Uppercase .S vs Lowercase .s File Extensions in GAS Syntax Assembly

October 18, 2020

If you have ever written assembly for the GNU Assembler (GAS), you may have noticed that files sometimes have an .S extension and sometimes .s. This is not a meaningless distinction, and you could have a frustrating time if you accidentally use the wrong one.

The uppercase .S indicates that the file contents should be run through the preprocessor, while the lowercase .s indicates that the file contents should be assembled directly. Let’s take a look at an example in x86 assembly.

Note: GAS uses AT&T syntax by default for x86 assembly, which is what we use below. You can instruct the assembler to use Intel syntax with the .intel_syntax directive.

lowercase.s

.global _start

.text
_start:
    mov     $1, %rax
    mov     $1, %rdi
    mov     $message, %rsi
    mov     $10, %rdx
    syscall

    mov     $60, %rax
    xor     %rdi, %rdi
    syscall
message:
    .ascii  "lowercase\n"

What does this program do? It is a basic “Hello World” x86 assembly program. The first section of _start is calling the write Linux syscall by loading the syscall number ($1) into the 64-bit general purpose accumulator register (%rax), the first argument to the syscall ($1) into the destination index register (%rdi), our .ascii text into the source index register (%rsi), and finally the length of our message into the data register (%rdx). Then, we invoke the syscall. The subsequent section does a similar step, but this time with the exit syscall ($60) and the xor of %rdi with itself (which will always be 0) to let the system know we exited successfully.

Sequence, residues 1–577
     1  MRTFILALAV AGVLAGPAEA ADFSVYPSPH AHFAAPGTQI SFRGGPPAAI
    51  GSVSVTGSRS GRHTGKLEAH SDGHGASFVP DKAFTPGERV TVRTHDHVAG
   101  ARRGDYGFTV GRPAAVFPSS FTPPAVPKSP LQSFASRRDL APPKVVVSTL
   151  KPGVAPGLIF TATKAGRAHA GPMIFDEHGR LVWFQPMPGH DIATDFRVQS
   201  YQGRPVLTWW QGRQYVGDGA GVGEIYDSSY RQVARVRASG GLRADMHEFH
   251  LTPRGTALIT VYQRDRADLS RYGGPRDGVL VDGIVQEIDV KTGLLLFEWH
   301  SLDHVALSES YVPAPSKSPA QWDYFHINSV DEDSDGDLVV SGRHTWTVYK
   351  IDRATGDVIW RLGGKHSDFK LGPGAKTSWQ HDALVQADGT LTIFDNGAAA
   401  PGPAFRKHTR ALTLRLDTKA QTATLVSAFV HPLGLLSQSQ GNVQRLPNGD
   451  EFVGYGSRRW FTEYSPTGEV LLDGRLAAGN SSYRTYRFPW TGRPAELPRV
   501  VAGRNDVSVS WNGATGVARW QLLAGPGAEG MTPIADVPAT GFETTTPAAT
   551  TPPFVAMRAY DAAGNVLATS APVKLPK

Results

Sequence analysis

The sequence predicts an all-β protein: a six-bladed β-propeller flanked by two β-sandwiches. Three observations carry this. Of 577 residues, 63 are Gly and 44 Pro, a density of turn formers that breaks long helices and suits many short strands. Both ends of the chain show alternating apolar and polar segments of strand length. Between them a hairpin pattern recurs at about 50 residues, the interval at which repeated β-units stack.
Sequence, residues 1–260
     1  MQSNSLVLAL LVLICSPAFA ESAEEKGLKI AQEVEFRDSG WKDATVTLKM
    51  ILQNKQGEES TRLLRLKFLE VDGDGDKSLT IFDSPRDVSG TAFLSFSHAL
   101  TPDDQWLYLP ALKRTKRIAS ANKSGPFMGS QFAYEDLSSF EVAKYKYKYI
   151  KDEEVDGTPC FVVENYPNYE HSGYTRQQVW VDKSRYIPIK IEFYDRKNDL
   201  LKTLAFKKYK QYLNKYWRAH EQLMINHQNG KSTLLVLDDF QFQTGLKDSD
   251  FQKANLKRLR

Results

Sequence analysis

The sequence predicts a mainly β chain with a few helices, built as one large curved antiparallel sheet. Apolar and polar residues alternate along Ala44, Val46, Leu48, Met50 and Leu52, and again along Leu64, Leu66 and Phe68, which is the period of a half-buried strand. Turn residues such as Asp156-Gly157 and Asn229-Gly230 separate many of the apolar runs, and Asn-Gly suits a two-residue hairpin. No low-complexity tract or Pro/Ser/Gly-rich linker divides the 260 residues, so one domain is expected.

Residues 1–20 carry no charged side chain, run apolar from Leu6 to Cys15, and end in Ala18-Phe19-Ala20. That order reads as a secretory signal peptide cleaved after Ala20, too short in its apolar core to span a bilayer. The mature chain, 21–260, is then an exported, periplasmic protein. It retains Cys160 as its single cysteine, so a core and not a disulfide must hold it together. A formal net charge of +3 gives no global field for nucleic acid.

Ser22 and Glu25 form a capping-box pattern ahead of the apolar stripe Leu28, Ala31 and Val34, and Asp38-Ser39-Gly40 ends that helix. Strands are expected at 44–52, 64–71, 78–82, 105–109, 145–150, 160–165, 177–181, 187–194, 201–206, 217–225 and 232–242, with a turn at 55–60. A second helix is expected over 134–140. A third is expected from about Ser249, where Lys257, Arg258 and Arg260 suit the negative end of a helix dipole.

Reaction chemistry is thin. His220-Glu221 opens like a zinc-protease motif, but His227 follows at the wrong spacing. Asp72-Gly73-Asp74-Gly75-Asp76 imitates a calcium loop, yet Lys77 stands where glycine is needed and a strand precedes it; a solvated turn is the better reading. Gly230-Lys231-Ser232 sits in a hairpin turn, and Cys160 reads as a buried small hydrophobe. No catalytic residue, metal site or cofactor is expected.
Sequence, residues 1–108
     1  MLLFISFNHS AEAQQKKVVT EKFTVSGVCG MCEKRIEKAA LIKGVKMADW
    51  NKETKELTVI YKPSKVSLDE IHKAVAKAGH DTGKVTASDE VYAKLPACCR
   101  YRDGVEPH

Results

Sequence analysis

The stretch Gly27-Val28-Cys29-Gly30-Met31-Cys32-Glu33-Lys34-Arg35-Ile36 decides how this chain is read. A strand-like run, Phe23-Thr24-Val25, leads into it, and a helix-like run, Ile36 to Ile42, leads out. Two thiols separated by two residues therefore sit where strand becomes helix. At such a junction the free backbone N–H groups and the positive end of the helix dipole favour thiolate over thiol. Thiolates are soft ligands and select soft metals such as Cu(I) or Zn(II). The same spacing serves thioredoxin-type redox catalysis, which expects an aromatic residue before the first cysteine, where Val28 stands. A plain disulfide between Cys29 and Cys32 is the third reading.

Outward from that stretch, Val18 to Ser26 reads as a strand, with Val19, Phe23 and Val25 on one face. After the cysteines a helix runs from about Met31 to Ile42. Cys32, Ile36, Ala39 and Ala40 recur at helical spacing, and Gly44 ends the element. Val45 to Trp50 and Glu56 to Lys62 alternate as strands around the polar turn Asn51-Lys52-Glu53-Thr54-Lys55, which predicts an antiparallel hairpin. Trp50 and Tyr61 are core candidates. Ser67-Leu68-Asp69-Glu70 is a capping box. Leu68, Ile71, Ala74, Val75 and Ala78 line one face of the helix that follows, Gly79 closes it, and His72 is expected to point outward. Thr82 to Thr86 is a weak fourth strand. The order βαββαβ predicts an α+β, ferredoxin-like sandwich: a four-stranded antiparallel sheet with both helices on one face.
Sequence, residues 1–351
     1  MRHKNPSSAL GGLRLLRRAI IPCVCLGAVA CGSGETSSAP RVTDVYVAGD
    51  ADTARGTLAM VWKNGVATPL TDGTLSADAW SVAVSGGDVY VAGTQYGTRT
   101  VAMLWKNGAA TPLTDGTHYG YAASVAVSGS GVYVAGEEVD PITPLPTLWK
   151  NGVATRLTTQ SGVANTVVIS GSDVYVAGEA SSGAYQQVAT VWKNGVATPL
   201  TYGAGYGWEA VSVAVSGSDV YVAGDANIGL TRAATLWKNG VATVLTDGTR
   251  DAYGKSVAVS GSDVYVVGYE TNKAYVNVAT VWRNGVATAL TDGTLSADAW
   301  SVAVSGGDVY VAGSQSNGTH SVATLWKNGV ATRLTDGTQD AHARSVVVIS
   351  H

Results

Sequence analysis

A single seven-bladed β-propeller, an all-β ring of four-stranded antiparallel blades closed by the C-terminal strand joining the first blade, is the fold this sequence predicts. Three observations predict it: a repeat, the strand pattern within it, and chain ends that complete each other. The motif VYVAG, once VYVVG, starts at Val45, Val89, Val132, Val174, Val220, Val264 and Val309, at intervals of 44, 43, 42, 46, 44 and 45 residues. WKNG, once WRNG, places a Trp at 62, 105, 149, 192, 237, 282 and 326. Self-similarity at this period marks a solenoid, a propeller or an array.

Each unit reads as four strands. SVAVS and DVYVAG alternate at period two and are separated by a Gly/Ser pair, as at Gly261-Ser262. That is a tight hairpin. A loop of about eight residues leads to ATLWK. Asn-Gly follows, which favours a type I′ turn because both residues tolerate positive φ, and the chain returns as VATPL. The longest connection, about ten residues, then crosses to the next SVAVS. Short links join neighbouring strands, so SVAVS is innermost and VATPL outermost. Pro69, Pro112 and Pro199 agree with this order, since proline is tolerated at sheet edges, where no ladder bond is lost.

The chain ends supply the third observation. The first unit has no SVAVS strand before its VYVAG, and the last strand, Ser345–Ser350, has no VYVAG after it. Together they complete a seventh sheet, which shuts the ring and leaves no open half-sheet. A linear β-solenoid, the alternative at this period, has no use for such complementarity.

We can assemble, link, and run this program with the following commands:

gcc -c lowercase.s && ld lowercase.o && ./a.out

Output:

lowercase

We didn’t use any C preprocessor directives, so this worked as expected. Let’s look at a variation of this program, this time with the uppercase .S extension.

uppercase.S

#define UPPER

.global _start

.text
_start:
    mov     $1, %rax
    mov     $1, %rdi
    mov     $message, %rsi
    mov     $10, %rdx
    syscall

    mov     $60, %rax
    xor     %rdi, %rdi
    syscall

message:
#ifdef UPPER
    .ascii  "uppercase\n"
#else
    .ascii  "lowercase\n"
#endif

Now we have defined UPPER and added conditional behavior based on it being defined. Let’s run this it and see what happens:

gcc -c uppercase.S && ld uppercase.o && ./a.out

Output:

uppercase

Now remove the #define UPPER directive and run again.

Output:

lowercase

Lastly, let’s change the file name from uppercase.S to uppercase.s and try to execute it.

gcc -c uppercase.s && ld uppercase.o && ./a.out

Output:

uppercase

Though we don’t have #define UPPER in the program, we still get the uppercase output because our program did not go through the preprocessor, so directives were not honored and the first .message declaration was used.

Send me a message @hasheddan on Twitter for any questions or comments!